Report from Tehran: What is the Effect of the Sanctions?

My wife, Grazia, in a supermarket in Tehran, today. No effect of the economic sanctions is visible. The shelves are full of goods from everywhere. You can find even Coca Cola cansFor this Monday post on Cassandra’s Legacy, I can offer you just a very brief report from Tehran, Iran, where I am for a … Continue reading “Report from Tehran: What is the Effect of the Sanctions?”

Bimillenary of the death of Germanicus: The Defeat of the Roman Deep State

2,000 years ago, on Oct 10, 19 CE, Germanicus Julius Caesar died in Antioch, Asia Minor, perhaps poisoned by his uncle, Tiberius, then the ruling emperor. If we see Hillary Clinton in the role of Germanicus and Donald Trump in the role of Tiberius, you have an equivalent ongoing conflict. Most likely, the concept of … Continue reading “Bimillenary of the death of Germanicus: The Defeat of the Roman Deep State”

How to Predict the Future: Confessions of a Modern Cassandra

Telling the truth has always been dangerous and the original Cassandra, the Trojan prophetess, had to suffer the consequences for what she said. But there is a more interesting question: how did she manage to be right while everyone else got it wrong? Here I tell you of my experience as a modest 21st century … Continue reading “How to Predict the Future: Confessions of a Modern Cassandra”

Climate Change: A Concise Assessment of What we are Risking.

The text below is a translation of a post that I published in the Italian newspaper “Il Fatto Quotidiano” about two months ago. The idea was to provide a concise statement on the climate situation (no more than 650 words allowed).  I tried to emphasize the risks involved with the “climate tipping points” and criticize … Continue reading “Climate Change: A Concise Assessment of What we are Risking.”

Iran, Oil, and War: The End of the Carter Doctrine?

The “Oil Corridor,” where the largest oil resources in the world are located. It was generated by events that took place during the Jurassic period. Those events can’t be affected by politics, but they can affect politics.For a while, the situation with the USA-Iran standoff looked like a scene in an old Western movie:  two … Continue reading “Iran, Oil, and War: The End of the Carter Doctrine?”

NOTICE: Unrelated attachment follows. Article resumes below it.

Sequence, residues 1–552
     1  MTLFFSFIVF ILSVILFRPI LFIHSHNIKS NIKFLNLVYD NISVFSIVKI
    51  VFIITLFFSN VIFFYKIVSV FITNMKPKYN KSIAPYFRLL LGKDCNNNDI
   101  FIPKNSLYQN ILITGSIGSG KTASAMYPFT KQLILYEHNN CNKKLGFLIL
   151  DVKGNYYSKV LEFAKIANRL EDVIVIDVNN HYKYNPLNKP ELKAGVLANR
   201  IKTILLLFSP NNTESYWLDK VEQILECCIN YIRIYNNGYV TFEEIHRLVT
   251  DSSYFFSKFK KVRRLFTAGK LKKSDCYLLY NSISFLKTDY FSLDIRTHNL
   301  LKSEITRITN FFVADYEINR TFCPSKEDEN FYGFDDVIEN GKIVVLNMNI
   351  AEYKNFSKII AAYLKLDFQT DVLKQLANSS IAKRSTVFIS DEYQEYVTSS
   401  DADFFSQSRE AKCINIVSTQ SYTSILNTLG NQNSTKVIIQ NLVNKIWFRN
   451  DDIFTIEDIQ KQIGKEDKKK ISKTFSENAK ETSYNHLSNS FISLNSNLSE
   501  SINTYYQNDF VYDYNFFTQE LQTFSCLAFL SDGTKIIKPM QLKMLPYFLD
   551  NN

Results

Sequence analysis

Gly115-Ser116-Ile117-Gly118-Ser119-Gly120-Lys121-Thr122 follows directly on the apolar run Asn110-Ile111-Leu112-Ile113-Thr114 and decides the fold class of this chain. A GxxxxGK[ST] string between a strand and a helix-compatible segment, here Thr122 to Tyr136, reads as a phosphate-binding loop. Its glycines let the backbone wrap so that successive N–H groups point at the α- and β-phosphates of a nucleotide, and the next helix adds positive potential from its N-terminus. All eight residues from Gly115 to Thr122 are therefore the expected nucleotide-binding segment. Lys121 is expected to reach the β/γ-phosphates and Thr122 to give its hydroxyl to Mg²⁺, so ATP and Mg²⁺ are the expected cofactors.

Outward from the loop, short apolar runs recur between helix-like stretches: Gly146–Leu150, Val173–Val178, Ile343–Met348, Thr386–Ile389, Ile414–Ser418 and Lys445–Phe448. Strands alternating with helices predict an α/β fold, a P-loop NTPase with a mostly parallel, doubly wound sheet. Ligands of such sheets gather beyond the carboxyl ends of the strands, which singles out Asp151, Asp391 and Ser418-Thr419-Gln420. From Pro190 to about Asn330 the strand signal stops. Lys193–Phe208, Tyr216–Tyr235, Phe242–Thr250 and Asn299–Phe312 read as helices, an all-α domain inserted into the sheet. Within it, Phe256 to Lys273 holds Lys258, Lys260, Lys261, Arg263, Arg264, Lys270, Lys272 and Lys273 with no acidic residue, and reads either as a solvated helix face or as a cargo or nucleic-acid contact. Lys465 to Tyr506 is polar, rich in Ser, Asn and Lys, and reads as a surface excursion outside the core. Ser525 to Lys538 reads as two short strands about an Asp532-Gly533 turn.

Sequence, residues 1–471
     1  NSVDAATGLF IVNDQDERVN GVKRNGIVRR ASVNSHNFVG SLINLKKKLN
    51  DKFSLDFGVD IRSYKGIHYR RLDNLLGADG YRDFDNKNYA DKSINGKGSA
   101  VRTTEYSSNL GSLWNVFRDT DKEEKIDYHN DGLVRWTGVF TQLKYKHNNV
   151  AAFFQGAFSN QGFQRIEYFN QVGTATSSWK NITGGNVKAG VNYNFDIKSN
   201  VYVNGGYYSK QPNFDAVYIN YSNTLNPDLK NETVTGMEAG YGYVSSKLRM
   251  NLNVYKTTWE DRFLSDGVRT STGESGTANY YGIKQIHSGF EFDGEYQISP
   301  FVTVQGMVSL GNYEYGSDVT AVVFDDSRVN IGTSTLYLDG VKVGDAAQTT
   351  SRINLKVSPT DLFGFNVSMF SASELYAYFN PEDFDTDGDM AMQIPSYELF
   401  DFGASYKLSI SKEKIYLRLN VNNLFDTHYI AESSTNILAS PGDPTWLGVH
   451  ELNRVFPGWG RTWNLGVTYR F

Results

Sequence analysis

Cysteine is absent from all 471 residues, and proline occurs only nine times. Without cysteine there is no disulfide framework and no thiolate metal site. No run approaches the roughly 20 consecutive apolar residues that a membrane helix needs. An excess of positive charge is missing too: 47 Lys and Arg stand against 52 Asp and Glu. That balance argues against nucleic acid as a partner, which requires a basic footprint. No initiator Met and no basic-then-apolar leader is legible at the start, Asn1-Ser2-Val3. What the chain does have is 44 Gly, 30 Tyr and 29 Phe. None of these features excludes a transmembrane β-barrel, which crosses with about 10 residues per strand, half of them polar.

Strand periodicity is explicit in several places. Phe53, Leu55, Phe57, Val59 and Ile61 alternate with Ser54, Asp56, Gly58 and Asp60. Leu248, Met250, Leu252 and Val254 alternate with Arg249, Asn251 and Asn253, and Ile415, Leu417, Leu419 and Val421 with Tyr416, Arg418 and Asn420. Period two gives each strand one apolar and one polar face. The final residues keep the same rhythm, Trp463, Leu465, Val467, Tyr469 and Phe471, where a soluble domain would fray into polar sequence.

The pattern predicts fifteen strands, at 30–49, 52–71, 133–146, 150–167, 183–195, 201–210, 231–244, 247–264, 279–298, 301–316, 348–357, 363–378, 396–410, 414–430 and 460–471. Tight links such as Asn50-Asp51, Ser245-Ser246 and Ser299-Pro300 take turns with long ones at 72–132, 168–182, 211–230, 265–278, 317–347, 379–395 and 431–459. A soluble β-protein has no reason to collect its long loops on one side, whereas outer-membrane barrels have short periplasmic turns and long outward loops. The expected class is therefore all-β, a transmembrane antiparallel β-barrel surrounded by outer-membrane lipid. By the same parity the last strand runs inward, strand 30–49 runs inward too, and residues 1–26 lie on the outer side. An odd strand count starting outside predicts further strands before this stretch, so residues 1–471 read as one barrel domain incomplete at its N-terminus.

The Profession of Arms: Of Vile Leaders and Courageous Ones

Above, you can see an amazing clip from the 2001 movie by Ermanno Olmi “The Profession of Arms”. It is the story of the march on Rome of the German Landsknechts led by Georg von Frundsberg in 1526. They were faced by an army commanded by Giovanni de’ Medici, known as Giovanni Dalle Bande Nere … Continue reading “The Profession of Arms: Of Vile Leaders and Courageous Ones”

Leader Assassination in the Age of Drones: A Suggestion for an Invulnerable President

Captain Birds Eye and his fish sticks. He is a reassuring, fatherly, positive presence. Why don’t we elect him as president? The advantage is that he can’t be assassinated since he doesn’t exist. Long ago, leaders used to fight on the frontline with their troops. Everything changed with the invention of firearms, when the leaders discovered … Continue reading “Leader Assassination in the Age of Drones: A Suggestion for an Invulnerable President”

The Collapse of the American Empire. What Future for Humankind?

These notes are not supposed to disparage nor to exalt an entity that has a history that goes back to at least a couple of millennia ago. Like all Empires, past and present, the Modern World Empire went through its parable of growth and glory and it is now starting its decline. There is not … Continue reading “The Collapse of the American Empire. What Future for Humankind?”

The Christmas Torches of Abbadia: Sustainable Resource Management According to an Ancient Traditions